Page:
This originally appeared on The Daily Life. Republished here with permission.
One of the most tiresome subjects regularly trotted out in the endless men-are-from-Vulcan-women-are-from-Tatooine discussions around gender relations is “can men and women ever just be friends?”
It’s the basis of a million rom-coms—well, When Harry Met Sally and the 999,999 rom-coms ripping it off—and countless books and articles. It’s a question that’s even inexplicably intrigued some of the greatest minds of the day. Even the venerable AC Grayling—philosopher, intellectual, and warm, cuddly face of public atheism—recently delved into it in his book Friendship.
Which is all a little confusing since the answer is incredibly simple to anyone who’s spent any time dealing with other humans: Yes, men and women can just be friends, obviously.
No one, aside from the most virulent pick-up artist, crazed separatist, or poisonous Men’s Rights Activist, could think otherwise. If you don’t have platonic pals of the opposite gender, you’re either a good deal crazier and/or sexually irresistible than anyone I know. And I know some exceptionally hot and crazy people.
So here’s another question to ponder: What’s with the “just” part?
See, the question “can men and women just be friends?” has a hidden assumption embedded in it, which is that the addition of sexual desire in a not-explicitly-romantic relationship somehow invalidates a friendship. And I’d like to argue that this is not just incorrect, but downright ridiculous.
So: You meet someone, they seem awesome. You get along like houses aflame. You also think they’re kinda cute—maybe not cute enough to ponder ending the romantic thing you already have going on with someone, or to stop the perfectly fine un-partnered life you’re currently living, or even to get your shag on. Still, they’re attractive enough that you idly think “ya know, under different circumstances, dot dot dot.” What do you do?
Well, you could maintain the idea that friendship and desire are mutually exclusive, freak the hell out, violently curse your filthy mind and run screaming from the bar. Or you could smile to yourself, get your round in, and enjoy the company of an excellent person.
Of course, this flies in the face of the prevailing wisdom of “friendzoning,” which makes clear that a chap needs to make his wang-move during the tiny, tiny window of opportunity before women mysteriously and irretrievably exile him to the dreaded Land of Empty, Worthless Friendship and Lonely Masturbation.
The problem with friendzoning is that as far as I can see, it doesn’t actually happen.
For one thing, fairly obviously, a lot of couples start out as being friends before they get romantically involved. One that’s particularly close to me were friends through their school and college years, even sharing houses before they (finally, thankfully) hooked up. They’re now married, one of the loveliest couples on the planet, and hopefully going to provide me with some nieces and nephews before too long—and I don’t think their decade-plus of friendship was somehow retroactively rendered venal and manipulative just because they eventually fell in love.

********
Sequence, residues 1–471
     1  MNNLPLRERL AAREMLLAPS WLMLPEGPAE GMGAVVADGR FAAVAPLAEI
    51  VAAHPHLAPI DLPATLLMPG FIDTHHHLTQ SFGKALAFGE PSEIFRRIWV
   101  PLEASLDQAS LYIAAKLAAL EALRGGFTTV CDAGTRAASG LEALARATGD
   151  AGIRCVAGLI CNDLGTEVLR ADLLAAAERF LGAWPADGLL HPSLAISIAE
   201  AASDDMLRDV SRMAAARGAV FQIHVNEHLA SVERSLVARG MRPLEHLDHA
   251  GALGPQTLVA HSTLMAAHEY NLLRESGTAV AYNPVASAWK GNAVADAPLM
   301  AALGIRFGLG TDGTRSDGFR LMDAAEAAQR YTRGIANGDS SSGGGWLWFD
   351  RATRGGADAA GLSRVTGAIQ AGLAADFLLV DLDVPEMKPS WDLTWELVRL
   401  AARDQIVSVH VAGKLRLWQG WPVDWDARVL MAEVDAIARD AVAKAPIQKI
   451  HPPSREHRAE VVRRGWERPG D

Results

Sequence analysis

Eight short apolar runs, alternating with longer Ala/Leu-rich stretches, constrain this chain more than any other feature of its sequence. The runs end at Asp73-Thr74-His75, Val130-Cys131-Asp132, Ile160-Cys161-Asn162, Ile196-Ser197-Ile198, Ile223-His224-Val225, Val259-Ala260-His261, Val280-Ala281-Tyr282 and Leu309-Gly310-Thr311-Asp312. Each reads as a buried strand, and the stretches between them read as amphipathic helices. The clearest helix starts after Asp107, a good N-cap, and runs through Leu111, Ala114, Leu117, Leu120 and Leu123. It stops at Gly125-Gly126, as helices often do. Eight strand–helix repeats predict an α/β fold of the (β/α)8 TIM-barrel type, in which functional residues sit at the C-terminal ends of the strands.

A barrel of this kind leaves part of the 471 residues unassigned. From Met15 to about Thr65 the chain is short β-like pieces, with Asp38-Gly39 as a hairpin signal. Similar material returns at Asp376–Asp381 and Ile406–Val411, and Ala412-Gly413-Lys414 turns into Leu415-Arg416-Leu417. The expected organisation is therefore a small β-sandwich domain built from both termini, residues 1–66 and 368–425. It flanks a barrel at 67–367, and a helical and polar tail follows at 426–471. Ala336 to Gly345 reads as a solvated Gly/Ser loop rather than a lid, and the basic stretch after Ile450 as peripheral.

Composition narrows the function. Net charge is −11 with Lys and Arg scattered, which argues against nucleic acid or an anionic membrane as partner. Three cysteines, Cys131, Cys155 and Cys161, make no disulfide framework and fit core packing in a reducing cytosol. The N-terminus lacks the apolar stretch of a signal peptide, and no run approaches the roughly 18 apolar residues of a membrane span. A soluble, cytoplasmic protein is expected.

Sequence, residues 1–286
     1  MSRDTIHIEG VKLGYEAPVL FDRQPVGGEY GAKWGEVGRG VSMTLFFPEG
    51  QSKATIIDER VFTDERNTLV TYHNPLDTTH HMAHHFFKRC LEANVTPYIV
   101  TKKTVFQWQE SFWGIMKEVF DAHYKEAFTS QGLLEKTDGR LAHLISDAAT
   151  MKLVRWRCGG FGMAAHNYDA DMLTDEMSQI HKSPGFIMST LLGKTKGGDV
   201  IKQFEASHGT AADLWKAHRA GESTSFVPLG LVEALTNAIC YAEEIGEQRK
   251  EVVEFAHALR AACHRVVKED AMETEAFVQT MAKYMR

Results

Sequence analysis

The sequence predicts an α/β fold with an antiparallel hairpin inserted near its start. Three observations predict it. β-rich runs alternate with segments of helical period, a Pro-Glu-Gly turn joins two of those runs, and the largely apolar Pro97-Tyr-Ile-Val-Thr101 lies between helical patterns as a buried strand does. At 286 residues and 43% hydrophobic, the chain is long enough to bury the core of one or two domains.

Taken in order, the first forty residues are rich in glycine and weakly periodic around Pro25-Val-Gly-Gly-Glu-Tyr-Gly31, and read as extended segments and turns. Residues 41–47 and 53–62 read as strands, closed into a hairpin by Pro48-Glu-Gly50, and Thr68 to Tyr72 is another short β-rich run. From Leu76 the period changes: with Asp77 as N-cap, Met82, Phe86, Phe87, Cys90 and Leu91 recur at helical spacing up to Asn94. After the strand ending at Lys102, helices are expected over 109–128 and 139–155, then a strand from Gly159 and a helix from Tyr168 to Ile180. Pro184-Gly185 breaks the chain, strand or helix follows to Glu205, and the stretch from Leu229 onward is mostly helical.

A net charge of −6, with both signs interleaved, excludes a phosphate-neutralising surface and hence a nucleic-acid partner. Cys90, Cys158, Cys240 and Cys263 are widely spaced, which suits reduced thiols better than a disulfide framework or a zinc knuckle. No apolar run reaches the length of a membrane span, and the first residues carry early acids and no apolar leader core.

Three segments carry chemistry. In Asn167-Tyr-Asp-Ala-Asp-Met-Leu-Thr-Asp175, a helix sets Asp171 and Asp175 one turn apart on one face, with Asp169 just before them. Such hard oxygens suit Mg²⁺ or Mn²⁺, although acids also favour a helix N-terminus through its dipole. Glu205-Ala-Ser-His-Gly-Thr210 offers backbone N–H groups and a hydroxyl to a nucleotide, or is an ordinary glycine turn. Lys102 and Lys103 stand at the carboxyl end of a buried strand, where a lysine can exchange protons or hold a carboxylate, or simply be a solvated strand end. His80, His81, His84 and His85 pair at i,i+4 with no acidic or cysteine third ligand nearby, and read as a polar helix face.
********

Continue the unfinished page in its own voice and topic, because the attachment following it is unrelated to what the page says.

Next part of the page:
I admit to having friends who, in moments of ill-advised and generally drunken bravado, I have attempted to woo. In most cases, they have gently patted me on the head and called me a cab. In a couple of cases we’ve ended up going out. In none of the cases has it forever ruined our bond, so appalled were they by the realization that our previously chaste friendship was distorted by my kinda fancying them. Ditto for the (admittedly few) occasions I’ve been on the receiving end. If anything, it’s something we embarrassingly grin about to each other now.
I have exes with whom I am friends, and a couple of friendships that began as one-night stands. And those friendships still feel completely legitimate, even though we’ve totally seen each other in the nude.
This is because the things that make someone click with us as a pal—a sense of humor, complementary interests, similar outlook on life—are the same things that most people also look for in a partner. Attractive people, as the description suggests, are attractive.
Humans are social animals. We’re constantly making subconscious assessments of other people—whether they’re a threat, whether they’re a friend, whether they’re trustworthy, whether they’re a potential mate. This subconscious process is so valuable to human interactions that there’s a huge worldwide research program going on to discover why some people lack this skill.
Yet this notion prevails, that a true friend would never do something as vile as idly wonder what you look like naked. Even though we’re programmed to do exactly that.
Perhaps it’s a hangover from our teenage years, when there was a need to clearly delineate and identify what the nature of each relationship was lest inexperienced and hormone-ravaged people got confused and hurt. More likely it’s another manifestation of the pervasive sex negativity in our culture, where there are Good Feelings like love and Bad Feelings like lust, and the latter always defeats and destroys the former.
So maybe it’s time to reframe the question: Men and women can be friends, and they can be more than friends, and they can occupy all the points in between. And that’s pretty great.
Andrew P. Street is a writer for the Daily Life.